In this preferred embodiment of the present invention, the active layer 16' is a strained InGaAs/GaAs quantum well structure having a radiation wavelength greater than 0.9 micron, a wavelength at which the GaAs substrate 10' is optically transparent. The substrate 10' is a GaAs substrate having a thickness of approximately 100 microns. The buffer/stack reflector layer 12 includes alternating n-doped GaAs and n-doped GaAlAs layers which are doped with silicon to about 31018 cm-3, with the number and thickness of the layers being selected to provide a desired stack reflectivity and resonant frequency. The cladding layer 14 is an n-doped Ga0.5 Al0.5 As layer having a thickness of approximately 1.0 micron, which is doped with silicon to about 51017 cm-3. The active layer 16' includes a linearly-graded (20%-50% Al) undoped GaAlAs active layer having a thickness of 0.15 micron, a GaAs spacer layer having a thickness of 0.01 micron, an undoped InGaAs quantum well layer having a thickness of 0.005 micron, a GaAs spacer layer having a thickness of 0.01 micron, and a linearly-graded (20%-50% Al) undoped GaAlAs layer having a thickness of 0.15 micron. The cladding layer 18 is a p-doped Ga0.5 Al0.5 As layer having a thickness of 1.0 micron, which is doped with zinc to about 51017 cm-3. The cap layer 20 is a p-doped GaAs layer having a thickness of 0.25 micron, which is doped with zinc to about 11019 cm-3. A half-wavelength thick film 36 of a dielectric material, such as Si3 N4, is deposited on the 45 and 90 micromirrors 22, 24 for passivation and a highly-reflective coating is then deposited on the dielectric films 36. The electrical contacts 28, 30 are Ni-AuGe-Ni-Au and Ti-Pt-Au ohmic contacts, respectively. The solder layer 32 is an indium layer having a thickness of approximately 10 microns and the heat sink 34 is copper. The 45 and 90 micromirrors 22, 24 are approximately 450 microns apart and an antireflective coating is deposited on the substrate 10'.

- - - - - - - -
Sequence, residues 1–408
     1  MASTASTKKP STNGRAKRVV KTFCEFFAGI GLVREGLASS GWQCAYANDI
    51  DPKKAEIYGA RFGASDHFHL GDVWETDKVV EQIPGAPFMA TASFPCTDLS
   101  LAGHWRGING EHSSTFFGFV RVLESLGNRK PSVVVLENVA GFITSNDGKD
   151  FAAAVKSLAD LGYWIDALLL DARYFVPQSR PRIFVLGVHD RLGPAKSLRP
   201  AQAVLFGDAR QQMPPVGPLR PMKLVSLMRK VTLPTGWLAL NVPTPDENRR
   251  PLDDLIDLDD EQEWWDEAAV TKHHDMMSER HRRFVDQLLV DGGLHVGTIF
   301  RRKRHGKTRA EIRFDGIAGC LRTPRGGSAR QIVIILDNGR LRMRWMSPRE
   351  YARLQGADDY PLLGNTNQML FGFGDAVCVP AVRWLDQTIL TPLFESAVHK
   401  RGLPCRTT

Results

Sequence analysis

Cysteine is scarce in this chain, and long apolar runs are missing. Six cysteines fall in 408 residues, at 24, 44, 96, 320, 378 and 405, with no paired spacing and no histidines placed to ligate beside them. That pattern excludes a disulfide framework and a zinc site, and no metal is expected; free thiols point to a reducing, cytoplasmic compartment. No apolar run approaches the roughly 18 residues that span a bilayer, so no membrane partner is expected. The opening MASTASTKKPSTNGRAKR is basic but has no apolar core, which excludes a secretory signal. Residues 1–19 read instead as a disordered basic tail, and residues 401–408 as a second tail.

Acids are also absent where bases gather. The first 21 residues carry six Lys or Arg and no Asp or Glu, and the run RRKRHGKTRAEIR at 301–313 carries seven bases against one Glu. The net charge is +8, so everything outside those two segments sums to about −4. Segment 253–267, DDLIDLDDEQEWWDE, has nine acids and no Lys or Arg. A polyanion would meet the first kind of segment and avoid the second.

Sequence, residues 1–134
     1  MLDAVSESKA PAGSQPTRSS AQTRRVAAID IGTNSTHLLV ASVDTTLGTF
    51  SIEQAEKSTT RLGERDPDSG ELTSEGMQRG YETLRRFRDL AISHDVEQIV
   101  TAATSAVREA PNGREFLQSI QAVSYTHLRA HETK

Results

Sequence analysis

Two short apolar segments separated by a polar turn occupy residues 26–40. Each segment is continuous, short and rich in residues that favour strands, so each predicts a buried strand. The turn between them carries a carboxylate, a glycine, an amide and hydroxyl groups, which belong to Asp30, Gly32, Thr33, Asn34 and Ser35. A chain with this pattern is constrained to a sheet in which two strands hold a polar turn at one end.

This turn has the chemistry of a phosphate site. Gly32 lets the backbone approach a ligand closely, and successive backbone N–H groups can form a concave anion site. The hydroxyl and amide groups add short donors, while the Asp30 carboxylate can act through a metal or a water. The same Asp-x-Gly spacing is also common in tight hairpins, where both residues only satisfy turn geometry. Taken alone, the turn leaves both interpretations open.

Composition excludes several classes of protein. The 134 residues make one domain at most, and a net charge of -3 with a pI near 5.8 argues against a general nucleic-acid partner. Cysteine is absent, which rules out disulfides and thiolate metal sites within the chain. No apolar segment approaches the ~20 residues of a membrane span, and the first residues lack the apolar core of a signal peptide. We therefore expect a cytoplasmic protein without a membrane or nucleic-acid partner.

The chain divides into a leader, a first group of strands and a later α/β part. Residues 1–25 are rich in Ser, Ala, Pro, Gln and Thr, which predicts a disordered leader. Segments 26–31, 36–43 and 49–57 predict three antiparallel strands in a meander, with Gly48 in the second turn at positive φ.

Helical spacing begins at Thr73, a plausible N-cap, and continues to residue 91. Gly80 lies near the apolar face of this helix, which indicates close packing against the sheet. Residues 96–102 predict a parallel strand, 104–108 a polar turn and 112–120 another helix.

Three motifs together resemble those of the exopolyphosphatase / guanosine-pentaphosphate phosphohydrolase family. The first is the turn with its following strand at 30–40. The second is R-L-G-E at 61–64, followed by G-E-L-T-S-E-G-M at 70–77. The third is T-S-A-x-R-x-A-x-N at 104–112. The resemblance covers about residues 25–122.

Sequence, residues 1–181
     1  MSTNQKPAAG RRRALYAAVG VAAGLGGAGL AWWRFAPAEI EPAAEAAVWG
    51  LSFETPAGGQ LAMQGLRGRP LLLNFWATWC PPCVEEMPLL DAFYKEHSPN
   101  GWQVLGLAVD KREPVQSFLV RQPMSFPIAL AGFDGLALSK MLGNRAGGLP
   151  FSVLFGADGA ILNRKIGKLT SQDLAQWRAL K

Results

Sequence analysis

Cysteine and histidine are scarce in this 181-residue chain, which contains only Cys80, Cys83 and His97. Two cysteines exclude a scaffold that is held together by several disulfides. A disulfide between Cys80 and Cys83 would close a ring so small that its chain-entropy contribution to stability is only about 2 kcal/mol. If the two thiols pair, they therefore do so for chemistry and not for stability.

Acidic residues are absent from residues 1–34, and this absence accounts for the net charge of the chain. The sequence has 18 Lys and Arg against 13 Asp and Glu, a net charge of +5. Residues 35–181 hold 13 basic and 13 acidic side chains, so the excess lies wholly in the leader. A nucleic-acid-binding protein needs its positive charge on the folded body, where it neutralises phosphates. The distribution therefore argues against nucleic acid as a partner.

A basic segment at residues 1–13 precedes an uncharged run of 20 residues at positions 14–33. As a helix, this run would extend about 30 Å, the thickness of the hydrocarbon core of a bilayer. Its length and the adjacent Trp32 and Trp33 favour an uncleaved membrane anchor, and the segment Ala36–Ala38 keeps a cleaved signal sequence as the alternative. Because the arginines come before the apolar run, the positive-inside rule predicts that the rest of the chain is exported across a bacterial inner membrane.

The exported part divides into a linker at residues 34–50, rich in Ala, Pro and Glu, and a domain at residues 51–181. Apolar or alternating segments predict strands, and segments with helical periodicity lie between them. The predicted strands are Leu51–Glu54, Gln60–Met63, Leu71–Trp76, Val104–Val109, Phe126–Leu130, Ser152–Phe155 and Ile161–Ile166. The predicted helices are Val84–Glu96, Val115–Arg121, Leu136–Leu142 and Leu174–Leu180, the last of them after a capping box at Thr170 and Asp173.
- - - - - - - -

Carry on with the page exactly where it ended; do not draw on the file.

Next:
From the foregoing, it will be appreciated that the present invention represents a significant advance in the field of surface-emitting semiconductor injection lasers. Although several preferred embodiments of the invention have been shown and described, it will be apparent that other adaptations and modifications can be made without departing from the spirit and scope of the invention. Accordingly, the invention is not to be limited, except as by the following claims.

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Referenced by
Citing PatentFiling datePublication dateApplicantTitle
US5486705 *Jun 9, 1994Jan 23, 1996Matsushita Electric Industrial Co., Ltd.Heterojunction field effect transistor
US5563901 *Apr 12, 1995Oct 8, 1996Fuji Xerox Co., Ltd.Semiconductor laser array
US5629954 *Oct 25, 1994May 13, 1997Trw Inc.Semiconductor laser diode with integrated etalon
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US5959375 *Sep 30, 1997Sep 28, 1999Garcia; Ernest J.Device and method for redirecting electromagnetic signals
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US6207975Mar 23, 1999Mar 27, 2001Trw Inc.Angle cavity resonant photodetector
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Classifications
U.S. Classification372/45.01, 372/50.1, 372/108
International ClassificationH01S5/00, H01S3/00, H01S5/18, H01S5/02, H01S5/026
Cooperative ClassificationH01S5/0203, H01S5/005, H01S5/0207, H01S5/0267, H01S5/2027, H01S5/18, H01S5/026, H01S5/1085
European ClassificationH01S5/18